Homosexuality is an issue that has often been mishandled by therapists due to misinformation on the topic. Although not supported by the research, many therapists believe that homosexuality is solely biological in nature, and therefore unchangeable. Yet despite ongoing efforts, researchers have not discovered a biological basis for same-sex attractions. In fact, many researchers hypothesize that a homosexual orientation stems from a combination of biological and environmental factors. For example, when asked if homosexuality was rooted solely in biology, gay gene researcher, Dean Hamer, replied, “Absolutely not. From twin studies, we already know that half or more of the variability in sexual orientation is not inherited. Our studies try to pinpoint the genetic factors…not negate the psychosocial factors” (Anastasia, 1995, p. 43). In addition, brain researcher Simon LeVay has acknowledged that multiple factors may contribute to a homosexual orientation (LeVay, 1996).
What, then, are the causes of homosexual attractions? These feelings typically stem from a combination of temperamental factors and environmental factors that occur in a child’s life. According to Whitehead and Whitehead (1999), “Human behavior is determined by both nature and nurture. Without genes, you can’t act in the environment at all. But without the environment your genes have nothing on which to act” (p. 10). One way of understanding this combination might be expressed in the following equation:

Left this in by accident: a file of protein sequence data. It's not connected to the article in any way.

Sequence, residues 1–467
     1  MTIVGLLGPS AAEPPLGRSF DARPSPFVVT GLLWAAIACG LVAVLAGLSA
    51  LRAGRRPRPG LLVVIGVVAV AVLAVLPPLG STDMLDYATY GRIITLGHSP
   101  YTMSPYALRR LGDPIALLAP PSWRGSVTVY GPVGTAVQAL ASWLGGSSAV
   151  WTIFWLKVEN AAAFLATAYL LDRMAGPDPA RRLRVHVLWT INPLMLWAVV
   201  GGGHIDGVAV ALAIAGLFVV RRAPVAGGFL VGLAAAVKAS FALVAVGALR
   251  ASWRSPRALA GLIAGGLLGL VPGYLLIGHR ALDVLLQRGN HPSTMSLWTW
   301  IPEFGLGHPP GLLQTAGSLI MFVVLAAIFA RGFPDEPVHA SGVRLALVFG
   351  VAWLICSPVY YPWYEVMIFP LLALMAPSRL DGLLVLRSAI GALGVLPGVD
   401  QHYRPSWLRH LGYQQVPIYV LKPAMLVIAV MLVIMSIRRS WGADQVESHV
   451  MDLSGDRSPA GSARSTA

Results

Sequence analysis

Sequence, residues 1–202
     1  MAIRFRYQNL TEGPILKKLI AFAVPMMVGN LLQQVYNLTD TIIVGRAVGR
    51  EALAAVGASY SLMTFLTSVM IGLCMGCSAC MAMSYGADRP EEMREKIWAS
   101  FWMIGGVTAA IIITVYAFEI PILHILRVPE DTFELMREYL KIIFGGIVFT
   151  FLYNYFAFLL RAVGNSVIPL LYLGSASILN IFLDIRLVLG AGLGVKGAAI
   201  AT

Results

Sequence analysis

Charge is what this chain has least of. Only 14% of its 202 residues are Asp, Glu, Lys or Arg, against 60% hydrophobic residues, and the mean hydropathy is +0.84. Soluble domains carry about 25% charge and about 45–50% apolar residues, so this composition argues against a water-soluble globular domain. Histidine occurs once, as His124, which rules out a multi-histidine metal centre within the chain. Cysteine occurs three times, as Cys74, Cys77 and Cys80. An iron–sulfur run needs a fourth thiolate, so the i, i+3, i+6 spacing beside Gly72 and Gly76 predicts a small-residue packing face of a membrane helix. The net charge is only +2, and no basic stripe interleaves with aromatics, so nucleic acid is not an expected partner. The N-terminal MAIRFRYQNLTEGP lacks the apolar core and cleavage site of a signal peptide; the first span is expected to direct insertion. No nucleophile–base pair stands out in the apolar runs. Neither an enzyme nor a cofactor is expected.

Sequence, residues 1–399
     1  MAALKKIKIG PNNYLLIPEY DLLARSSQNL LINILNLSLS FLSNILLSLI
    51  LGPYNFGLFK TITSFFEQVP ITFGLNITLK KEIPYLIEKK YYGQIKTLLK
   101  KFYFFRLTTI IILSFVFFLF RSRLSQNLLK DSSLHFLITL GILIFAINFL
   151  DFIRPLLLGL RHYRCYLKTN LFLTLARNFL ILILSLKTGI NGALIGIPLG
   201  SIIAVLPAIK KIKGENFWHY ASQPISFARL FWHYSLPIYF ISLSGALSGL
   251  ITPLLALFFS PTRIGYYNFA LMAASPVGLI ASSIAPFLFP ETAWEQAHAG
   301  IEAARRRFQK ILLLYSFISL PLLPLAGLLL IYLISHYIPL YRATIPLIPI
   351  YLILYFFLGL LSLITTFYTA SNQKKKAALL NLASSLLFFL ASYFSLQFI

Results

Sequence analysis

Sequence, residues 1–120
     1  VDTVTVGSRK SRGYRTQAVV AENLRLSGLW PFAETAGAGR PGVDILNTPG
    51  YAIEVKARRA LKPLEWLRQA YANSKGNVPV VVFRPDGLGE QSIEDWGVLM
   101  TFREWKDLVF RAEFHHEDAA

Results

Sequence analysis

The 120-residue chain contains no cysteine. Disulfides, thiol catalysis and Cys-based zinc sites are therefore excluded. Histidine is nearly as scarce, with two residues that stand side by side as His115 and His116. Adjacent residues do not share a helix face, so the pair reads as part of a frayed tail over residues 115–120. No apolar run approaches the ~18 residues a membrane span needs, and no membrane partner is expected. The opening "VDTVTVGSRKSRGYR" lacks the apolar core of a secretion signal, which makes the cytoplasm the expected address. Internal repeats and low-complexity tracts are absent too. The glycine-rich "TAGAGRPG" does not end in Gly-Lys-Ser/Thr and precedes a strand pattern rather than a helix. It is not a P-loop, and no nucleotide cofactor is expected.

Genes + Brain Wiring + Prenatal Hormonal Environment = Temperament
Parents + Peers + Experiences = Environment
Temperament + Environment = Homosexual Orientation
While environmental factors may include experiences of sexual abuse or other traumatic events, a common contributor to same-sex attractions is a disruption in the development of gender identity. Gender identity refers to a person’s view of his or her own gender; that is, his or her sense of masculinity or femininity. Gender identity is formed through the relationships that a child has with the same-sex parent and same-sex peers.
The process of gender identification begins approximately between age two and a half and four. For boys, it is during this phase that they begin to move from their primary attachment with the mother to seeking out a deeper attachment with the father. For males, the relationship between a boy and his father is the initial source of developing a secure gender identity. It is through the father-son relationship that a boy discovers what he needs to know about being male, including who he is as a boy, how boys walk, how they talk, how they act, and so forth. As the father spends time with the son, shows interest in the son, and gives the son affirmation and affection, the father imparts to the son a sense of masculinity. The boy begins to develop a sense of his own gender by understanding himself in relation to his father.